Living Sustainably: Watershed Monitoring is a Community Effort

By Dan Callam, Outdoor Discovery Center Macatawa Greenway
Macatawa Watershed ProjectAs Lake Macatawa and its watershed continue their slow, steady journey towards clearer water, Project Clarity partners continue keeping tabs on the progress.
Grand Valley State University’s Annis Water Resources Institute leads these efforts, with additional efforts led by Hope College’s Day1 Watershed program, the Outdoor Discovery Center, and the Macatawa Area Coordinating Council. These efforts provide data that gives feedback on projects and can alert the team to new issues.
Staff and students from Dr. Al Steinman’s lab at the Annis Institute are in the watershed at least once a month, collecting samples and measuring flow rates in several local streams. Several of these sites are located near large wetland complexes that have been restored through Project Clarity.

Institute staff are also out on Lake Macatawa four times a year, collecting samples and taking readings in each of the lake’s bays. Fish sampling also occurs early each fall, when the team uses nets and electroshocking to record the types, counts, and sizes of fish around the lake before returning them to the water.
Hope College’s Day1 Watershed program has built on years of work that Hope has done in the watershed. Engaging freshmen with faculty and older peer mentors, students are helping collect weekly water samples and examining water chemistry, microbial communities, and groundwater flow at more than a dozen sites around the watershed.
In addition to the work by local schools, project partners continue to engage with local citizen scientists. This included a new initiative this past year to get weekly updates on lake conditions from waterfront neighbors and boaters.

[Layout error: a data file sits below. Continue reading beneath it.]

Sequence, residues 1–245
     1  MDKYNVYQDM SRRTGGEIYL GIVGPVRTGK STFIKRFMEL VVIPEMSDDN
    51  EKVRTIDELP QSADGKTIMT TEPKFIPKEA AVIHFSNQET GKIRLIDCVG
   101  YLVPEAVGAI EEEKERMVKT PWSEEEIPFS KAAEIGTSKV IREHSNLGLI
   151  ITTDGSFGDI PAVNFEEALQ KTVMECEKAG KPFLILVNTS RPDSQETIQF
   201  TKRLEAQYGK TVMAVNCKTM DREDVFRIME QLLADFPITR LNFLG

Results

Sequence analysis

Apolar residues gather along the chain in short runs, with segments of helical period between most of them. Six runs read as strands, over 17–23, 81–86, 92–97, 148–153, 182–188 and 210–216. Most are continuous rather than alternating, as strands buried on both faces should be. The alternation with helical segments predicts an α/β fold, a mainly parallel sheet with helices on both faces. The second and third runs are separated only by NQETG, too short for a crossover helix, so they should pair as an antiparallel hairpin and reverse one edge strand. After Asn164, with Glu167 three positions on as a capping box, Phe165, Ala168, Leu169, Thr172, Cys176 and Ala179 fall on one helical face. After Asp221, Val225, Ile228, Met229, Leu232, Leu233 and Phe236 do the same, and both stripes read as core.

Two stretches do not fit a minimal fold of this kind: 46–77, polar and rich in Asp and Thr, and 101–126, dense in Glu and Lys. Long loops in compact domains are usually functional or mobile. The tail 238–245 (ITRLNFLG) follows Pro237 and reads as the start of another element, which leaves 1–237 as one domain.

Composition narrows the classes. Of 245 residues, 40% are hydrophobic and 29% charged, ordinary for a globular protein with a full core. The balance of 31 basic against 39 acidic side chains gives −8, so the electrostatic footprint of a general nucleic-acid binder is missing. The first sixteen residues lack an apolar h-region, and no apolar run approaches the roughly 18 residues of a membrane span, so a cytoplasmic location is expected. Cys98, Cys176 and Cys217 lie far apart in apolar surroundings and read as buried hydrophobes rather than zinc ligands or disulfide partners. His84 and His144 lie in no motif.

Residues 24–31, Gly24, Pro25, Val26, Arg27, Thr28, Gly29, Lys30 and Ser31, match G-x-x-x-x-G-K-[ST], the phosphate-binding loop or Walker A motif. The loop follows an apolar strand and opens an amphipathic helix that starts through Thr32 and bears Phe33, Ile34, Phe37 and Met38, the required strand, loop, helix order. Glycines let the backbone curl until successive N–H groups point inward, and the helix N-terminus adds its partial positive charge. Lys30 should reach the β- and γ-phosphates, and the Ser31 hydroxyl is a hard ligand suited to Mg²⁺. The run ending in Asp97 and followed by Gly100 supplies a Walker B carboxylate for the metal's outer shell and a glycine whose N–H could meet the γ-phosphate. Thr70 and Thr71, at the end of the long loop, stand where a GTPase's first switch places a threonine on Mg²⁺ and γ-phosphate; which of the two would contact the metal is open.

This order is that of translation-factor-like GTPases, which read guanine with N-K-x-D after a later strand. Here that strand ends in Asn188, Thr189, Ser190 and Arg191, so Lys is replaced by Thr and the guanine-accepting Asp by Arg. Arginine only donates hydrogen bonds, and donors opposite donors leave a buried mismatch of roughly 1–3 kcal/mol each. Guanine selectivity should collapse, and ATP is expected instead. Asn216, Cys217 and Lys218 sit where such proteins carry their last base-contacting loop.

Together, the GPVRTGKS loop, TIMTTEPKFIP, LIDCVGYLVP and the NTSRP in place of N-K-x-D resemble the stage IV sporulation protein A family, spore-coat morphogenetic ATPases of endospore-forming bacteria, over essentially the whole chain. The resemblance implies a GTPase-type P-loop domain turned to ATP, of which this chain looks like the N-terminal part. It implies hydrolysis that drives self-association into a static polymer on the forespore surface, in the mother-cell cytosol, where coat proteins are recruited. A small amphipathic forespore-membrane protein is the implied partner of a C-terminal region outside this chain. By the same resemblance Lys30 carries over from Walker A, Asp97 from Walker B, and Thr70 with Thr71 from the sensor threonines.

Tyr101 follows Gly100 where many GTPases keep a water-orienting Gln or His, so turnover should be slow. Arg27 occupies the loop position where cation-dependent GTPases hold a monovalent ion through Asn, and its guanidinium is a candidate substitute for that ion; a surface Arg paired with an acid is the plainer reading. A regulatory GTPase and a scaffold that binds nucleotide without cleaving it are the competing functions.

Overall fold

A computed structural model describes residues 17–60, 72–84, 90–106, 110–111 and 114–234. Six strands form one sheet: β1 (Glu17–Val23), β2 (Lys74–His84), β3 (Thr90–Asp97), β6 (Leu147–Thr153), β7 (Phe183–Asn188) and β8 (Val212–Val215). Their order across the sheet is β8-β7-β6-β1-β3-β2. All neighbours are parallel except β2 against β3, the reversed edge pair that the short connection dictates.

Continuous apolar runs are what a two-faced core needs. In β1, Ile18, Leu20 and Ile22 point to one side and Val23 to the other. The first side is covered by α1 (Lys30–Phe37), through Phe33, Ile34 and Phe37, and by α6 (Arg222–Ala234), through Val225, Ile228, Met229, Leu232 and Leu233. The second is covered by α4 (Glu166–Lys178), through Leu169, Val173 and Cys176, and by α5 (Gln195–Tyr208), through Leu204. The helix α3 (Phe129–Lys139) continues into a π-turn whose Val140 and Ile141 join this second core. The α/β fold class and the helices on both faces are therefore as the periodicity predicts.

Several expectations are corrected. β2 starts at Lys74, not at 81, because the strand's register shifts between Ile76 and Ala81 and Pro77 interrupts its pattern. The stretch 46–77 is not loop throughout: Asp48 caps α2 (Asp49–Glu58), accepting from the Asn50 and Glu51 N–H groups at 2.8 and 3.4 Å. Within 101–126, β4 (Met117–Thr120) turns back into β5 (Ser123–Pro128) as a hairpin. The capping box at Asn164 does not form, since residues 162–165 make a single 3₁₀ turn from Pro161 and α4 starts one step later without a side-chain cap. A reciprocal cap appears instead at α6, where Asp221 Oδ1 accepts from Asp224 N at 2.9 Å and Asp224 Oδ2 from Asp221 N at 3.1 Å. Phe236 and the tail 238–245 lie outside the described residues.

These citizen scientists recorded the color and clarity of lake waters at docks, road ends, and sites around the lake. Using Secchi discs – a weighted black and white disc about the size of a dinner plate – they measured the depth of the water at which the disc disappeared from view. They also recorded water color, whether it was a shade of brown, green, blue, or somewhere in between. This data supplements the sampling of the Annis Institute and provides a clearer idea of how quickly conditions in the lake change from season to season.
Upstream from the lake, volunteers help examine seven tributaries for other signs of water quality.  Benthic macroinvertebrates – bugs that can be found in streams and lakes – are an important indicator of water quality. As water quality increases, the numbers and types of bugs that are found also increase. These collections have involved everyone from students to seniors. Who doesn’t want to wade in streams in the name of science on a warm summer day?
As more than a hundred projects designed to improve water quality have been completed across the watershed since Project Clarity began, these ongoing monitoring efforts help provide a clearer idea on how the watershed is changing.
Outdoor Discovery Center Dan Callam is Greenway manager for the Outdoor Discovery Center Macatawa Greenway.

What: Macatawa River Cleanup
Who: Community volunteers and the Macatawa Watershed Project
When:1 to 4 p.m. April 29
Where: Dunton Park, 290 Howard Ave., Holland. Meet near the boat launch
How: Register at under “Get Involved.” Work will be on foot and in kayaks; boats,
paddles and life vests provided. Anyone under 16 must be with an adult.

What: Annual Project Clarity Update
Who: Project Clarity supporters and community members
When: 7:30 a.m. May 24
Where: Boatwerks, 216 Van Raalte Ave., Holland
How: $20 admission includes breakfast. Pre-registration required at 393-9453 or at

This Week’s Sustainability Framework Theme
Environmental Awareness/Action: Environmental education and integrating environmental practices into our planning will change negative outcomes of the past and improve our future.

Living Sustainably is a collection of community voices sharing updates about local sustainability initiatives. It is presented by the Holland-Hope College Sustainability Institute, a joint project of Hope College, the City of Holland and Holland Board of Public Works. Go to for more information.